Pursuant to my decision to run for president on the www.americanselect.org platform, this is the latest of a series of blogs laying out my domestic and foreign policy positions. Today's blog indicates the next step I feel is appropriate in dealing with the nuclear threat posed by Iran.
Time for Congress to Authorize Use of Force Against Iran
Successive administrations have warned Iran that it would not be permitted to obtain nuclear weapons.
President Clinton's first Secretary of State, Warren Christopher, stated: "Iran's efforts to acquire nuclear weapons... pose enormous dangers. Every responsible member of the world community has an interest in seeing those efforts fail. There is no room for complacency."
President Bush promised to eliminate the nuclear threat emanating from Iran, stating that "Permitting the world's leading sponsor of terror to possess the world's deadliest weapons would be an unforgivable betrayal for future generations... For the sake of peace, the world must not allow Iran to have a nuclear weapon."
Defense Secretary Leon Panetta has said: "...Our red line to Iran is to not develop a nuclear weapon. That's a red line for us."
Unfortunately, neither these implied military threats nor the economic sanctions imposed to date have deterred Iran in its ongoing effort to develop nuclear bombs and the means of their delivery. Indeed, Iran has, it appears, responded to the warnings and economic sanctions by accelerating its development of nuclear weapons. Iran is also allegedly working on long-range missiles that could deliver nuclear explosives to major U.S. cities. Iran apparently already has missiles capable of hitting major cities as well as U.S. bases in the Middle East and Europe.
The President's current policy involves significantly raising the economic pressure on Iran to elicit compliance. But economic sanctions, no matter how tough, are not likely to succeed within the short time left -- an estimated year -- before Iran has acquired sufficient nuclear material to make several bombs.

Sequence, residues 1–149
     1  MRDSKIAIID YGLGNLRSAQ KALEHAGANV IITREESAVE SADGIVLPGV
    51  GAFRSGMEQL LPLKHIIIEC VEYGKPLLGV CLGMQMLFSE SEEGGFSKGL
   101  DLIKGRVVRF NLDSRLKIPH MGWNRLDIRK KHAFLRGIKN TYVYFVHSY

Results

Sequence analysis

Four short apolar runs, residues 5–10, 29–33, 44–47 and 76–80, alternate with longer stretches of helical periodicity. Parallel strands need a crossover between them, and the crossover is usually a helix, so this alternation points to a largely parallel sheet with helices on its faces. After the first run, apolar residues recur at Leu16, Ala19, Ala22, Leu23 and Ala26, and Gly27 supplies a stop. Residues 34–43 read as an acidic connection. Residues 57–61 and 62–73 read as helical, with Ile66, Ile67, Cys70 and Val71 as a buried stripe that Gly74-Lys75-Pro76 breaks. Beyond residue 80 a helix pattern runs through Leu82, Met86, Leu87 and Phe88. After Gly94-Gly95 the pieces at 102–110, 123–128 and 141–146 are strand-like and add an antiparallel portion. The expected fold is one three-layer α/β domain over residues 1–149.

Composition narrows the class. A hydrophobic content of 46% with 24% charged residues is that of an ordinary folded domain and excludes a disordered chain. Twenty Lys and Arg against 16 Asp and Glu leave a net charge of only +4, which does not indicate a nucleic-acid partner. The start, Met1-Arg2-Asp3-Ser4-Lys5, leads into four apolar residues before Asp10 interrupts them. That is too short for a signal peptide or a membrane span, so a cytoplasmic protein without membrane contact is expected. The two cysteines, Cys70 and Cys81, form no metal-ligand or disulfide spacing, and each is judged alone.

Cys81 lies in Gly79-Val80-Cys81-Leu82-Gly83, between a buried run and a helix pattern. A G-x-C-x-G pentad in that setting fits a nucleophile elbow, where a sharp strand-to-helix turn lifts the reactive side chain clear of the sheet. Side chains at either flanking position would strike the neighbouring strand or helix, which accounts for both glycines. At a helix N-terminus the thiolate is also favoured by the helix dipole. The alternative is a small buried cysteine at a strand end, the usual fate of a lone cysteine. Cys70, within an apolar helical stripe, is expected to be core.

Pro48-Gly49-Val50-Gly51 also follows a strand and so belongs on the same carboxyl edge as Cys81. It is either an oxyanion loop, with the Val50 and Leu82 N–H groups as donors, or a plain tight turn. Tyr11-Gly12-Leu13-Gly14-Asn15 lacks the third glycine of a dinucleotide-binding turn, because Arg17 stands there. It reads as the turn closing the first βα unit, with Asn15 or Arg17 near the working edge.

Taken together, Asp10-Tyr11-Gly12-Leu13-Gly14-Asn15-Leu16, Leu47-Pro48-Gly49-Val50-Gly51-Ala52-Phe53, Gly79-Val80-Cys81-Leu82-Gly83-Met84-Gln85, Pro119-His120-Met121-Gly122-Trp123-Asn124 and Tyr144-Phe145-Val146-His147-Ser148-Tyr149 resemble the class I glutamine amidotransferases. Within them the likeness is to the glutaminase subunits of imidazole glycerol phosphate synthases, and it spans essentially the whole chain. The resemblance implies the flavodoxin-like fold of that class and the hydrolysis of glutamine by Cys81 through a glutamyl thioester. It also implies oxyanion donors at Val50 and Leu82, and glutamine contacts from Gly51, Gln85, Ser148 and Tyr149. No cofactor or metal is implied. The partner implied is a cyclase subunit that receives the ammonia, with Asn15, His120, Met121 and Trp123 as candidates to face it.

Nor is the Iranian regime likely to be deterred by more stringent economic sanctions even if their development of nuclear weapons will take longer than one year. A regime that forced tens of thousands of children to clear mine fields with their bodies is not going to be deterred by economic shortages that will affect the general population, but that will surely leave top leaders untouched.
The president has stated that the U.S. is working "in lockstep" with Israel on preventing Iran from acquiring nuclear weapons. This statement means that should Israel attack Iran's nuclear weapons facilities, the Iranians will view the attack as coming from the U.S. no less than from Israel.
We should not ask Israel to fight our wars for us. Our national security is our own responsibility. If Iran poses an existential security threat to the United States, as the last three administrations have stated, it's up to the United States to make sure that whatever military action is taken is sufficient to protect our country for the long term.
In my view, only military action or the assurance of imminent military action will eliminate the threat to our country posed by Iran's acquisition of nuclear weapons.
To make crystal clear that military action is imminent and enjoys wide political support, the president should immediately request from Congress a resolution authorizing the use of all force necessary and for as long as necessary to eliminate Iran's nuclear weapons acquisition program.
A Congressional resolution authorizing the use of force would not constitute a declaration of war. Our intent is not to go to war with Iran. Our intent is to eliminate Iran's nuclear threat to our country and our allies.
A Congressional resolution would also give the president the public support he needs and deserves in confronting Iran with the only language it appears to understand -- force.
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